Brookhaven National Laboratory has created a high performance iron-based superconducting wire that opens new pathways for some of the most essential and energy-intensive technologies in the world. These custom-grown materials carry tremendous current under exceptionally high magnetic fields—an order of magnitude higher than those found in wind turbines, magnetic resonance imaging (MRI) machines, and even particle accelerators. The results demonstrate a unique layered structure that outperforms competing low-temperature superconducting wires while avoiding the high manufacturing costs associated with high-temperature superconductor (HTS) alternatives.
Iron-based superconductors are mechanically semi-metallic and therefore considerably less fragile than ceramic superconductors. They can also be more easily shaped into the kinds of long wires needed in devices like massive offshore wind turbines, and they exhibit nearly isotropic behavior in magnetic fields, which allows for easier technology integration.
The scientists synthesized this novel film of iron, selenium, and tellurium to push existing performance parameters. In addition to the raw materials being relatively inexpensive, the synthesis process itself can be performed at just half the temperature of cuprate-based HTS alternatives, or approximately 400 degrees Celsius.
The team used a thin film fabrication technique called pulsed-laser deposition, which uses a high-power laser to vaporize materials that are then collected in layers on a substrate. This complex technique is a bit like carefully collecting the gas as it rises above a boiling pot, only with nearly atomic-level precision.
“A key breakthrough here is the discovery that adding layers of cesium-oxide in between the films and substrates dramatically increased the superconductor’s critical current density, or maximum electricity load, as well as the critical temperature at which the material becomes superconducting,” said Brookhaven Lab physicist Qiang Li, head of the Advanced Energy Materials Group and leader of this study. “That critical temperature threshold rose 30 percent over the same compound made without this layering process—still a very cold -253 degrees Celsius, but it promises significant application potential.”
When tested, the critical current density of the new iron-based superconductor reached more than 1 million amperes (amps) per square centimeter, which is several hundred times more than regular copper wires can carry over the same area. Under an intense 30-tesla magnetic field, the film carried a record-high 200,000 amperes per square centimeter. For scale, consider that household circuit breakers usually blow when hitting just 20 amps.
In devices such as MRIs, using electricity to generate powerful magnetic fields is essential, and the magnetic tolerance of the superconducting wires must be high. The thin films in the new study remained functional under that 30-tesla magnetic field, while most hospital MRIs require just 1-3 tesla.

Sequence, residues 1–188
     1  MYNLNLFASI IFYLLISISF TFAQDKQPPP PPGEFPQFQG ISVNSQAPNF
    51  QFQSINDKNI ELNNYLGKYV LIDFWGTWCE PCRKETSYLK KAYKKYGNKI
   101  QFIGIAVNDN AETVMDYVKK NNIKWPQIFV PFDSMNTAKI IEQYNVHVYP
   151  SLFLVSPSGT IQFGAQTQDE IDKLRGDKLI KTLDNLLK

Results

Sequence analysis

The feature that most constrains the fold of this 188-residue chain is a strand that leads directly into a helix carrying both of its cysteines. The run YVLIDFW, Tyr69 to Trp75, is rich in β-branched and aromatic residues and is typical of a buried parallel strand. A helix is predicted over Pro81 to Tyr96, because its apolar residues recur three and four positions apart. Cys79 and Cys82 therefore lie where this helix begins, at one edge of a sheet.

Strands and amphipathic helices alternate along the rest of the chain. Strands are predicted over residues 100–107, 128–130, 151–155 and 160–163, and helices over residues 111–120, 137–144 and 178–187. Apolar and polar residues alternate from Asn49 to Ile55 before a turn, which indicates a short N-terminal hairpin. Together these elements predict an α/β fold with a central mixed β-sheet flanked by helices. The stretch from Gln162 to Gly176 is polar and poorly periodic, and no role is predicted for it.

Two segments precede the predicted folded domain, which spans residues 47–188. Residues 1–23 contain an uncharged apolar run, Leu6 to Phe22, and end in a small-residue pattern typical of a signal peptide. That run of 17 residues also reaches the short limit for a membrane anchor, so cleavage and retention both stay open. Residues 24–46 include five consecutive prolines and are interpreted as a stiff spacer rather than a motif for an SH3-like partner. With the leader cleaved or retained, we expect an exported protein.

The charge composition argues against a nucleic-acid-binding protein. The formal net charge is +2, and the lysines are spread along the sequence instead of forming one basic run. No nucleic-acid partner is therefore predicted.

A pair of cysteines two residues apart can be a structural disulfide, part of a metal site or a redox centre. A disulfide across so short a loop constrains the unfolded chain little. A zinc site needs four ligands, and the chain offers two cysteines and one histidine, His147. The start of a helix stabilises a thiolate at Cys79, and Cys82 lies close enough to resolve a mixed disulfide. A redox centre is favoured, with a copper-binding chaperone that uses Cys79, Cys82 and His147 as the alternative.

The researchers extended the study to include thin films grown on flexible metallic materials called rolling-assisted biaxial textured substrates, or RABiTS. These substrates, developed in a proprietary process invented by scientists at DOE’s Oak Ridge National Laboratory, offered a similar performance with particularly important implications for long-length scaled up production in the future.
“We believe both critical current and transition temperatures can be further improved as we fine-tune the structure and chemical composition,” Qiang Li said. “The next step is to pinpoint the mechanism behind the findings—the relationship between the structure and properties—which will provide guidance for the discovery of new superconductors with even greater performance.”
ABSTRACT – Although high-temperature superconductor cuprates have been discovered for more than 25 years, superconductors for high-field application are still based on low-temperature superconductors, such as Nb3Sn. The high anisotropies, brittle textures and high manufacturing costs limit the applicability of the cuprates. Here we demonstrate that the iron superconductors, without most of the drawbacks of the cuprates, have a superior high-field performance over low-temperature superconductors at 4.2 K. With a CeO2 buffer, critical current densities over 10^6 A cm−2 were observed in iron-chalcogenide FeSe0.5Te0.5 films grown on single-crystalline and coated conductor substrates. These films are capable of carrying critical current densities exceeding 10^5 A cm−2 under 30 tesla magnetic fields, which are much higher than those of low-temperature superconductors. High critical current densities, low magnetic field anisotropies and relatively strong grain coupling make iron-chalcogenide-coated conductors particularly attractive for high-field applications at liquid helium temperatures.
SOURCES- Brookhaven National Lab, Nature Communications
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